WWBSS - What Would Black Students Say?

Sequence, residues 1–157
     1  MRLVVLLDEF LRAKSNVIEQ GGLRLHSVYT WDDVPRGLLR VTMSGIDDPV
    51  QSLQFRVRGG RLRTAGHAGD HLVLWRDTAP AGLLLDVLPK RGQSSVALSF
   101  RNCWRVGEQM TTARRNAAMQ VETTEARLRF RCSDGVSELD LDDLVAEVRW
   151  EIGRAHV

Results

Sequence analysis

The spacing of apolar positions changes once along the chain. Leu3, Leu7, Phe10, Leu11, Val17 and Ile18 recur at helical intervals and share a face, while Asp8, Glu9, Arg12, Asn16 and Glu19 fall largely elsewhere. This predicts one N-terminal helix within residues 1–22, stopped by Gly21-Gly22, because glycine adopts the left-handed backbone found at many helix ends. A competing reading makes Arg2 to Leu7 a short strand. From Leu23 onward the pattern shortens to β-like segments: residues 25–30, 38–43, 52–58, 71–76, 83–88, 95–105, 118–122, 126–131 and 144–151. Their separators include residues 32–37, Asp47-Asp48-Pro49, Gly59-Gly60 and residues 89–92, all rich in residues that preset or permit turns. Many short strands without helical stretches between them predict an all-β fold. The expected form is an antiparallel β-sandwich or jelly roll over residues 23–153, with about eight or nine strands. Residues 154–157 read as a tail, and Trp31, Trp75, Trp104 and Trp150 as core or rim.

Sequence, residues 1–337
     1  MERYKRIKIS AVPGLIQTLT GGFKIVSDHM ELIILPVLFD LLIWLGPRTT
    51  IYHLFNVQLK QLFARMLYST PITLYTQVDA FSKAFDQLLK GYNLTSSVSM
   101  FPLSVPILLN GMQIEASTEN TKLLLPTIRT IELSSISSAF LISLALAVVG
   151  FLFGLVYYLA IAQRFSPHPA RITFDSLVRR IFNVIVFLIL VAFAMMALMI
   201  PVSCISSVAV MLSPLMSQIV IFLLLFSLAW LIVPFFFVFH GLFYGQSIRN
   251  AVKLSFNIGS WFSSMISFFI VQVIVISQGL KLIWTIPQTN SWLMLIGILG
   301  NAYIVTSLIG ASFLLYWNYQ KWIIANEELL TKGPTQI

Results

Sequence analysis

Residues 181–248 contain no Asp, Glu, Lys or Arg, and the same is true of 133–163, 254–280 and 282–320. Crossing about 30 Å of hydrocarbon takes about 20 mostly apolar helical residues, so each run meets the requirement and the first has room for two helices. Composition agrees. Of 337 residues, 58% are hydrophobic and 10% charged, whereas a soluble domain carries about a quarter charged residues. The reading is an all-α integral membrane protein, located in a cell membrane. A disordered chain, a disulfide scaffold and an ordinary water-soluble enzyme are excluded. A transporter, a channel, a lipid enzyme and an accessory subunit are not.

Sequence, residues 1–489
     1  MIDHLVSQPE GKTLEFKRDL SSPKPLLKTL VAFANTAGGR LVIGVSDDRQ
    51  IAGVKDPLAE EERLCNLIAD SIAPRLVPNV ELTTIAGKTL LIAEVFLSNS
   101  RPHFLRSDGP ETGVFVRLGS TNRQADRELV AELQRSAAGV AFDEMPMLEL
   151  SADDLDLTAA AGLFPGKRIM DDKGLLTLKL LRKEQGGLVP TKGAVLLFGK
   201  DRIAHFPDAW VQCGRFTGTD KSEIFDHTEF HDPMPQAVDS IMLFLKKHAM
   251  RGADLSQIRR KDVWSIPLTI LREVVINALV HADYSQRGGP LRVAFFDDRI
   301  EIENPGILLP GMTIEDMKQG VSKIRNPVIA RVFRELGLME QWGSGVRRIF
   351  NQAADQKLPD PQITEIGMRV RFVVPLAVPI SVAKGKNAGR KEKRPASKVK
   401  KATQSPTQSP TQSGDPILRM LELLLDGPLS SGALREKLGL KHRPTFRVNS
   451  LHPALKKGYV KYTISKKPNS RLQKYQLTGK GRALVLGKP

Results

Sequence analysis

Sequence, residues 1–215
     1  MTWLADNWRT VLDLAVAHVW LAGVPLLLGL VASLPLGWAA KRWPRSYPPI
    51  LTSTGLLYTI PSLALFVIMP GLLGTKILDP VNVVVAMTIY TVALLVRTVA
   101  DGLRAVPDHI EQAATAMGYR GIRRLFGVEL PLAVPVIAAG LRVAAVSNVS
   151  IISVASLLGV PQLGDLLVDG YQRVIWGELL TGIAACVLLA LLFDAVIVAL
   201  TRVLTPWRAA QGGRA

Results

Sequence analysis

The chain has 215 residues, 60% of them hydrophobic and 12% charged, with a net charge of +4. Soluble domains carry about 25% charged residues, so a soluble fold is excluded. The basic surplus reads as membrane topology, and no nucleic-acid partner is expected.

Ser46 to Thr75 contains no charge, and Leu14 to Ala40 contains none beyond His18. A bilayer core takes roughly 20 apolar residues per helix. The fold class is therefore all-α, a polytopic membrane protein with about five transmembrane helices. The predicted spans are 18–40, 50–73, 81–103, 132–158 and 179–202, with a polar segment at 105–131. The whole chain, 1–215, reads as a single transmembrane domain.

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This is one story of a study of black high school students and their experiences with school. The study employed the narrative inquiry process and method to listen to student stories about their journeys through the educational terrain. These stories were valued for their insight on how students view race as significant in their school lives and to their academic achievement. The participants in this study share authentic understanding of their roles as black individuals and learners. They describe the meaning they place on their relationships at school, explicate issues of race within the context of being black, high-achieving students that attend majority white, suburban high schools, and provide their own perspective on the critical question, "Does race still matter?" The influences of race described by participants are categorized as being those that affirm them as individuals and black students, challenge deeply-held stereotypes about their race and their abilities, impede their efforts to share in perceived resources they believe are reserved for the privileged and powerful, and inspire them to persevere within a system that even at their young age they interpret as being tilted against them. These stories provide an understanding of how these students believe race operates in schools, its connection to their educational experiences and its impact on their academic achievement. This study demonstrates the value of utilizing the narrative inquiry process to garner authentic and relevant knowledge from an informed and reliable source. Information this valuable should be used by all stakeholders to influence school practices and policies that are targeted to support black high school students along their academic journeys in meaningful and effective ways.